One of the last E3’s I went to when I was writing for the Dallas newspaper was when Nintendo was first showing off their Game Boy Advance. One of the games I saw back then was Diddy Kong Pilot, which took the plane races from Diddy Kong Racing and made a full game out of it. Years later, Rare finally released the game but took out the DK characters and replaced them with Banjo ones. It was an OK racer. Nothing special. As a GBA game, it used the flat Mode 7 effects to simulate 3-D, but since everyone was flying, it didn’t have quite the same effect as a Mario Kart game did. Probably my least favorite of the Banjo games.

Banjo Cameos
Rare tends to put subtle cameos in their other games, and Banjo is no exception. In Viva Pinata, you can buy a statue of Banjo to put in your garden, and one of the items you can buy for the bear piñata is a blue backpack! There’s a small cameo in, er, Kameo where a radio in someone’s house plays a rock version of the Banjo-Kazooie theme song. If there were any Banjo cameos in Conker or Grabbed by the Ghoulies, I don’t know what they are as I’ve never played them. I have no desire to play Conker but I’d like to try the Ghoulies game sometime.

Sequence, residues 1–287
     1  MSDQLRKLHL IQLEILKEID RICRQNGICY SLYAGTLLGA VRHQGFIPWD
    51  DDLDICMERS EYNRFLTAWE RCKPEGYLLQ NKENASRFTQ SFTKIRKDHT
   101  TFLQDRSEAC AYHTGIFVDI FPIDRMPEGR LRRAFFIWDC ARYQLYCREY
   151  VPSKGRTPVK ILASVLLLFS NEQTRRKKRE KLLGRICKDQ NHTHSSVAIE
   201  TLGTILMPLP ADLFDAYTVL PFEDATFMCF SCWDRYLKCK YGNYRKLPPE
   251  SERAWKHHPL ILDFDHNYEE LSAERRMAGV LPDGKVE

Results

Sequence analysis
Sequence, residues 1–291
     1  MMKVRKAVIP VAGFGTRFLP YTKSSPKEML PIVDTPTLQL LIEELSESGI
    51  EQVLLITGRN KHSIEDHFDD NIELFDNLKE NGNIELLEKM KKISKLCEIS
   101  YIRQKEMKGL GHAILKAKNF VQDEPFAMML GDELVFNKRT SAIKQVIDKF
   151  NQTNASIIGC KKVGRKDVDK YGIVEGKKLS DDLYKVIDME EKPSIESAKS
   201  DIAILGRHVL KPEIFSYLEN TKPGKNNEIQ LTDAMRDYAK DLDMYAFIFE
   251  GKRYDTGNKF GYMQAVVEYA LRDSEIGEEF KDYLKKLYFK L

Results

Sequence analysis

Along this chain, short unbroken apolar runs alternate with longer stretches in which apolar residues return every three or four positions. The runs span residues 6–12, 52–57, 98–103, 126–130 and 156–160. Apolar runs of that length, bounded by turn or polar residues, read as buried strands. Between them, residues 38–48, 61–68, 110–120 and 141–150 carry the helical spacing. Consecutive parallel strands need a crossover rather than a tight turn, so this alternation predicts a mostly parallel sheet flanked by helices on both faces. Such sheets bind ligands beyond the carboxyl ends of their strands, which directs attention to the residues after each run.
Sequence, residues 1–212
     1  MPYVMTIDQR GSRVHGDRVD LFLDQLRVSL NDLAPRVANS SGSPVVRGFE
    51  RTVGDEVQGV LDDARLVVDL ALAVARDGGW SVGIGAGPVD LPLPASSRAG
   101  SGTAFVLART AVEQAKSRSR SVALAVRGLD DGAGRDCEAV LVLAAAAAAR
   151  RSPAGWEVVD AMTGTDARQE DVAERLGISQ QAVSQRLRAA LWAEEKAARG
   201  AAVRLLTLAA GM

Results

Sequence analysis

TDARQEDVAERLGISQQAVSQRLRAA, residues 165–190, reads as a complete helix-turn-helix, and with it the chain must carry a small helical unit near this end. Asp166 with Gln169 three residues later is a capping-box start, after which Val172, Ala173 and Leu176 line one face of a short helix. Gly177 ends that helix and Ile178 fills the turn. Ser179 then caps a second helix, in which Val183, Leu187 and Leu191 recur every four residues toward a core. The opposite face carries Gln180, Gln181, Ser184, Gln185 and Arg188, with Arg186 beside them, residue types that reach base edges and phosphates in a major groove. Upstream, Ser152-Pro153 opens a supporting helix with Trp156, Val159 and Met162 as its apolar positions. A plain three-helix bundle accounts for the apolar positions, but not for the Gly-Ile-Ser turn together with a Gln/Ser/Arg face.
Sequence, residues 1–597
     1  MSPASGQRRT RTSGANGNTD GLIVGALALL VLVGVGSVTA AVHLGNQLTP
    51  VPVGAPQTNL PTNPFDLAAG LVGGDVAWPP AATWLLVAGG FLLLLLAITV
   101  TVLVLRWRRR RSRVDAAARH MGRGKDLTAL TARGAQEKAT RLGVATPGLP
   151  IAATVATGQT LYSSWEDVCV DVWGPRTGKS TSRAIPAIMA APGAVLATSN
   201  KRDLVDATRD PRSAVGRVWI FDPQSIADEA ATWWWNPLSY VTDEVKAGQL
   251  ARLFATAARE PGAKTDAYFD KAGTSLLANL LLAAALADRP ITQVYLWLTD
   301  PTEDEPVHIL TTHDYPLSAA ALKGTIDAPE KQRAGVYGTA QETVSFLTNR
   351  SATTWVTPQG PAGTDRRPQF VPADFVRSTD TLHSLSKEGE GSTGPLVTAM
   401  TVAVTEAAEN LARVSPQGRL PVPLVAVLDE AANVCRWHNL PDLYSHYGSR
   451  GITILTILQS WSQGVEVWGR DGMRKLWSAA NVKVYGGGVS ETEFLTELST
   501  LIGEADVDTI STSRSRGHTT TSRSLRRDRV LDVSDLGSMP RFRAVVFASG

Banjo-Kazooie: Nuts & Bolts
Finally Rare releases another Banjo game this year! But this one’s a little different. It’s been years after Banjo and Kazooie’s last adventure, and now they’re all lazy and fat. But Grunty’s skull head comes hopping out and challenges fat Banjo and Kazooie to a duel. But just as they’re about to fight, the ‘game’ pauses and the Lord of Games comes out. He’s like the God of the video game world, and he has a cloak and a TV screen Pong face. Anyway, he demands that Banjo and Kazooie settle their differences in a different kind of challenge. He zaps Banjo and Kazooie back in shape and gives Grunty a new body (though her head is still in a jar), and sends them off to Showdown Town. And the game begins there.